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DotNet is behind where we were with VB, about a dozen years ago


I know I'm asking for a flamewar, and I really don't mean to because I
love programming in C# and VB.Net almost equally, just as I enjoyed
C++ 13 years ago and COBOL and Pascal 4 years before that.

Now that you know my programming history in its entirety :)... please
bear with me and read on.

As a group of programmers, striving to make progress, we have gone
absolutely no where. The questions I see posted here in this
newsgroup are valid in the sense that all of us, including myself, are
trying to figure out "how do I do this" or "why doesnt this work" in
..Net.

There is a fundamental flaw here, one that needs to be pointed out, if
only for posterity.

And that is... we are splitting hairs over the wrong things. Its not
even a Microsoft vs Java or Flash or competing technology problem.

The ubiquitous WEB got us started. Suddenly in 1995 or so,
everything needed to be a web app that was centrally deployed and
available everywhere. There was a problem. Web apps were based on
HTML and CGI, which was a bunch of unstructured GOTOs, masquerading as
"links". People loved the concept of "links"... Because as long as
you were braindead you were capable of putting your mouse over a link
and clicking it, and magically it would take you somewhere. It was
accessible to anyone, even the mentally disabled, as some prominent
industry observers have noted, "especially the mentally disabled".

An overnight hero was born. A new breed of newcomers to the
information technology field came along, with HTML on their brain.
They believed that if end users should see it, it must be rendered in
HTML. The problem here is that HTML is suited for the web, and web
browsers, and that's wonderful for people who are browsing.

But as a development platform, a web BROWSER, which is suited for
browsing (page flipping), HTML is not a particularly "rich"
environment. Oh, the average consumer will tell you HTML is "rich".
Because as long as they see graphics, pictures... pretty, pretty
pictures... with gradients and pretty fonts. They will prefer HTML
over raw text. Its human nature. On its own, the porn industry has
probably lured more "end users" (as we used to call them) into the
observation of modern software than any other application ever created
(except perhaps the web browser, which Microsoft didn't even but
appears to have standardized).

Lets talk about end users for moment. End users deserve the most
readable, the most cosmetically appealing solution available. If that
last sentence sounds like a marketing statement, it should. Because
as developers, if we do not provide the end users the most compelling
solution available, its inevitable thatanother vendor will.

That is our challenge. If you want to succeed in software development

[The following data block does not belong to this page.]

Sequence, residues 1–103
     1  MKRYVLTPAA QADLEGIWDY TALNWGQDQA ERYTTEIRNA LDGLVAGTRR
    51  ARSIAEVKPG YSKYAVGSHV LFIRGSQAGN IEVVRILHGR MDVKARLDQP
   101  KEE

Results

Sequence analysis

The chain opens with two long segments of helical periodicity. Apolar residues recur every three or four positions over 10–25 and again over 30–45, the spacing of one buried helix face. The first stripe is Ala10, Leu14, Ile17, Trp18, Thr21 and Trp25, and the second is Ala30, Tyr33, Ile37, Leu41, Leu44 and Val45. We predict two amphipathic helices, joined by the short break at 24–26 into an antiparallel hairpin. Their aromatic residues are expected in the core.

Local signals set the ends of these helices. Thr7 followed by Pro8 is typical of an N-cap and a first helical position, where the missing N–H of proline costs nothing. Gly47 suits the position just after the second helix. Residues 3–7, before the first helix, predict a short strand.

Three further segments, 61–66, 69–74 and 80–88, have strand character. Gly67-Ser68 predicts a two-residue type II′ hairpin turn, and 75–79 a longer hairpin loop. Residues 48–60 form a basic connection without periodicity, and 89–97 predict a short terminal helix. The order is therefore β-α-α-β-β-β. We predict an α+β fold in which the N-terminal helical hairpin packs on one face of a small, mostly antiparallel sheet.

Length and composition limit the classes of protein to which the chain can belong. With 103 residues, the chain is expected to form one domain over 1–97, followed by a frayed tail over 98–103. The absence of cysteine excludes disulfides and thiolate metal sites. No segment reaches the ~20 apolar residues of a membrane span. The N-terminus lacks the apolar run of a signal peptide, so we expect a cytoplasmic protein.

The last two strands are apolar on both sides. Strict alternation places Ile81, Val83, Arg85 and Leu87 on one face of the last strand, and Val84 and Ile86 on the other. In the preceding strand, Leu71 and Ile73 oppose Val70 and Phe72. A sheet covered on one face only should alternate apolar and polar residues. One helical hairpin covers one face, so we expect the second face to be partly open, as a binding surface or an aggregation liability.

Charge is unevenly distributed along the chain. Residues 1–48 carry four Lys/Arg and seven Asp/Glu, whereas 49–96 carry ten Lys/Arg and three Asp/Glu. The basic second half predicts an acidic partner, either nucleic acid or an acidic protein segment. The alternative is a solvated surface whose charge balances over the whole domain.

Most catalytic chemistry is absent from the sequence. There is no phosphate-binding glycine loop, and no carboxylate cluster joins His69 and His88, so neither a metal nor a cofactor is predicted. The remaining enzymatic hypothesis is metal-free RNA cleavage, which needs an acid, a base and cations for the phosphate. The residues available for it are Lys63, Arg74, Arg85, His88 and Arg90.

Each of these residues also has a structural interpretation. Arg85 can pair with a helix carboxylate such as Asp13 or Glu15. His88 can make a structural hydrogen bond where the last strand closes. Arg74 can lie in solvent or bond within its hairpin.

as a career path, you really..... and I mean REALLY...... need to
understand the challenges you face.

Personally, I keep hearing from Microsoft that various SmartClient
"over the web" technologies will solve this for us, and I hope its
true.

But if the evolving base of programmers gets progressively stupider,
as it appears to have become with offshoring and the current u.s.
administration, then all of us who love to program are in trouble.

From a technology standpoint, we are about 10 years behind VB6 and COM
and striving to see who can go backwards further.

Nov 17 '05 #1
14 1279
Quote:
"From a technology standpoint, we are about 10 years behind VB6 and COM
and striving to see who can go backwards further."
Thats a very goood point....but then again..

I think they opened a huge market but simplify programming

-more ppl then ever have the potential to wrtie an app
-takes minutes when it used to take hours
-the interface are looking nicer than cobol....lol
Nov 17 '05 #2
You want programming to be more challenging, so fewer can be sucesfull
at it is my take. Fine. Use C++, write COM objects, and do everything
from scratch.

Nothing is stopping you from doing that, except time. The evolution is
towards speed of development more than dumbing it down. Dumbing it down
is a side effect however.

Either way, it doesn't have the effect of making people stupid. It does
have the effect of bringing more people in which may not be hard core
programming types though. But who cares.

A better way to look at it, is that you have more free-time to spend
that brain power devising something innovative instead of working out
function pointer syntax or whatever.

Dont forget the endgame is to make the working product, not the tool
you use to make it. If you want to love C++ for C++ and the pleasure
you get from mastering it when not many do, that's cool. Nothing's
stopping you. But do it as a hobby. Like a word puzzle or something.
Its silly to try and use it for something like a WebService that can be
done in 5 mins and work great in .NET.

Nov 17 '05 #3
I disagree a bit with the post that programming has been "dumbed down" with
..NET. Sure, I can develop code faster, and maybe the entry bar has been set
a little lower, but to write a good, professional application, takes quite a
bit more skill and experience than writing a simple "Hello World" app. And
when it comes to making moeny doing it, you need the skill and experience to
provide professional quality.

As for the browser side, I haven't done much, but I've seen severeal "rich"
applications on the web. If you know anything about AJAX, you know it's
possible. It also takes a lot of the aforementioned skill and experience
since it uses several different technologies together to provide that "rich"
experience. Now that AJAX is gaining in popularity, I suspect we'll be
seeing more and more of them.

Pete

"JustObserviing TMH MVP" <pl****@nospam.com> wrote in message
news:d8********************************@4ax.com...

I know I'm asking for a flamewar, and I really don't mean to because I